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SUMMARY AND RECOMMENDATIONS
The following general principles apply to the management of serious Pseudomonas
- Antibiotic resistance, both intrinsic and acquired, is important to consider when selecting empiric or directed therapy.
- Combination therapy may be indicated in certain high-risk patients and in severe infections.
- Antimicrobial therapy should be promptly initiated, as delayed therapy correlates with increased mortality.
- Source control is important. All infected catheters should be removed, and abscesses should be drained and obstructions relieved, whenever possible.
A limited number of antimicrobial agents have reliable activity against P.
Fluoroquinolones are the only class of antibiotics which has an oral formulation that is reliably active against P.
Aminoglycosides (gentamicin, tobramycin, amikacin) are active against P.
The use of combination antimicrobial therapy in patients with serious P.
We typically reserve combination therapy for empiric treatment of serious infections known or suspected to be caused by P.
Thus, for patients who have sepsis or septic shock, have neutropenia and bacteremia, have severe burns, or are in a setting where the incidence of resistance to the chosen antibiotic class is high (eg, >10 to 15
For patients without any of these additional risk factors for mortality or resistant organisms, we recommend empiric treatment with a single antipseudomonal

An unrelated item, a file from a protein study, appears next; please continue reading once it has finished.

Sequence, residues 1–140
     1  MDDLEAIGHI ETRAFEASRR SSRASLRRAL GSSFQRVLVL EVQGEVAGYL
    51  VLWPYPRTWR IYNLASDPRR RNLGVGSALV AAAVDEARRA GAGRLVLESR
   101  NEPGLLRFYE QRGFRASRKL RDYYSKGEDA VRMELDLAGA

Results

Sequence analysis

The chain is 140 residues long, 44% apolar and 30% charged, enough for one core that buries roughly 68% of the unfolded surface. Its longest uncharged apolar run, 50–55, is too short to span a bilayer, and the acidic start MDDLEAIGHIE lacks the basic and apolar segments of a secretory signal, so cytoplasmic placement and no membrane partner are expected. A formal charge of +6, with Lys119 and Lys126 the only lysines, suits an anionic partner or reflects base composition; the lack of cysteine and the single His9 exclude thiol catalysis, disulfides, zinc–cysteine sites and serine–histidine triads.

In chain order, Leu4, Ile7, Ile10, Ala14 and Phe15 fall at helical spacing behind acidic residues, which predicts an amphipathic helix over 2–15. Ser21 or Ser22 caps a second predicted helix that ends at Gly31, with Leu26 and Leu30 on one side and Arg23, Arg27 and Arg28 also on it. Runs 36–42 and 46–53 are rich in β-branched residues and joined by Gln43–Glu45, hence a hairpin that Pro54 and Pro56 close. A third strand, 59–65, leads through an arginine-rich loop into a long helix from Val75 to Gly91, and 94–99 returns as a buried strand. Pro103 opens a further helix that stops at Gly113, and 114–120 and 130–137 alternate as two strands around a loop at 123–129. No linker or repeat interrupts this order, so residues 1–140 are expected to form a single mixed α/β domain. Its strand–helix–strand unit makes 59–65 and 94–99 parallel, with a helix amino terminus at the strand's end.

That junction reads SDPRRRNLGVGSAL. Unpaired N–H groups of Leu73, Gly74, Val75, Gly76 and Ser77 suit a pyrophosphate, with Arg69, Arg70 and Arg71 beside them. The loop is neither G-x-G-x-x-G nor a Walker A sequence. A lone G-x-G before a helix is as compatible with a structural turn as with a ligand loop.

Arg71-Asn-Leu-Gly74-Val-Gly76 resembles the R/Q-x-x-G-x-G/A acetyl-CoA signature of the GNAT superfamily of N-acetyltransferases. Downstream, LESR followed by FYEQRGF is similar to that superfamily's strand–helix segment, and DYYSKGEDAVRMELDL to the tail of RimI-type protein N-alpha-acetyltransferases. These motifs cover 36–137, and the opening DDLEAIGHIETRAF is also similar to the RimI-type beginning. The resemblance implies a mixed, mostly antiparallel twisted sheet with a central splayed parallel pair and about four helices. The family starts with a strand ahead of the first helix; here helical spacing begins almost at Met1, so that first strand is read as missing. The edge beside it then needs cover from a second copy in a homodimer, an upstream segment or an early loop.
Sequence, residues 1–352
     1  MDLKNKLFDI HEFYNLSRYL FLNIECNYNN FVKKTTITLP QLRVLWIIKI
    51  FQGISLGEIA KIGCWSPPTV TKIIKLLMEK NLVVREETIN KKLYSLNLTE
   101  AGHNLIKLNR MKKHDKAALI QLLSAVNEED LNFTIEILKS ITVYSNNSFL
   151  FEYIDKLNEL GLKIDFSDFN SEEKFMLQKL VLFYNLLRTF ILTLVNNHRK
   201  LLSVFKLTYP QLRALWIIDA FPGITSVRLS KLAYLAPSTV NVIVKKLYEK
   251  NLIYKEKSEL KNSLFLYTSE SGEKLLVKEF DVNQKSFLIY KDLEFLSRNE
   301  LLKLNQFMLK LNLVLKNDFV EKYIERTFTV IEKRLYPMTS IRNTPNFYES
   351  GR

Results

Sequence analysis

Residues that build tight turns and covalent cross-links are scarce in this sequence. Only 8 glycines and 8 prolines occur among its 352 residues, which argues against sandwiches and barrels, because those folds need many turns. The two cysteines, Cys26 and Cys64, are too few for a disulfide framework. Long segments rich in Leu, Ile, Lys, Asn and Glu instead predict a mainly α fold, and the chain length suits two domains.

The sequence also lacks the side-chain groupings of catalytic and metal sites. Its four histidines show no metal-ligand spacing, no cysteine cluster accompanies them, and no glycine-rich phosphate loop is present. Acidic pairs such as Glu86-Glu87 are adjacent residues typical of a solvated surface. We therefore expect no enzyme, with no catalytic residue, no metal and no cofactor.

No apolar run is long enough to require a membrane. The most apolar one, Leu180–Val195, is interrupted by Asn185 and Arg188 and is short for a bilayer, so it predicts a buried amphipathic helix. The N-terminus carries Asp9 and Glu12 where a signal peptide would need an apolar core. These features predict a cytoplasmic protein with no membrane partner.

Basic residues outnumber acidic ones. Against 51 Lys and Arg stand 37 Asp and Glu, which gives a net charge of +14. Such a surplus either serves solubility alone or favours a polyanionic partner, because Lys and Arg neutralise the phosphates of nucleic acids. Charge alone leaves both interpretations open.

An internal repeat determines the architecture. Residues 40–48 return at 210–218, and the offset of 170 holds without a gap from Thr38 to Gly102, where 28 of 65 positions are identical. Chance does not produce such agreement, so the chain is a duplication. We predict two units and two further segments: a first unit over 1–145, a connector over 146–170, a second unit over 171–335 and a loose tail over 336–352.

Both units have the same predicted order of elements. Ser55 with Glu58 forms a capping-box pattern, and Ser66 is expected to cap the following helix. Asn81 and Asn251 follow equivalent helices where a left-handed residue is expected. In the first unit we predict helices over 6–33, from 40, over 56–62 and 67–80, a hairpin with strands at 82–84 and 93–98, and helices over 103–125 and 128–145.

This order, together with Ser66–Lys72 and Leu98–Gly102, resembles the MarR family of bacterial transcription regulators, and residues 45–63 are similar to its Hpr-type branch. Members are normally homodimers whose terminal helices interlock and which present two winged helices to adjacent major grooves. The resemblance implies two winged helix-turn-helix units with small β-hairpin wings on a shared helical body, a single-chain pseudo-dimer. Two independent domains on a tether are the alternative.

Once antimicrobial susceptibility data are available, we typically use a single active antipseudomonal agent. The rare exceptions when a combination regimen may be warranted include neutropenia and bacteremia, endocarditis, failure to improve on therapy, and multidrug resistance.
Multidrug resistance in many organisms, including P.
The general principles of antipseudomonal therapy in children are similar to those in adults with the main exception that antimicrobial dosing is weight-based. Use of a fluoroquinolone is a consideration for gram-negative infections caused by isolates susceptible to these agents, including infections caused by P.
Combination therapy for highly resistant infections
The difficulty in treating P. aeruginosa infections caused by strains that are resistant to all or all but one antibiotic has led investigators to use novel combinations of drugs that separately have little or no activity against the isolate. There are minimal clinical data to support such combination therapy, and most clinical studies did not analyze patient outcomes stratified by susceptibility profile. However, if combination therapy is used for
In a single clinical series of 64 patients with nosocomial pulmonary infections due to a highly resistant P.
Other combination regimens have been found to have enhanced activity against multidrug-resistant P.
The mechanisms for the enhanced activity are unknown for most combinations.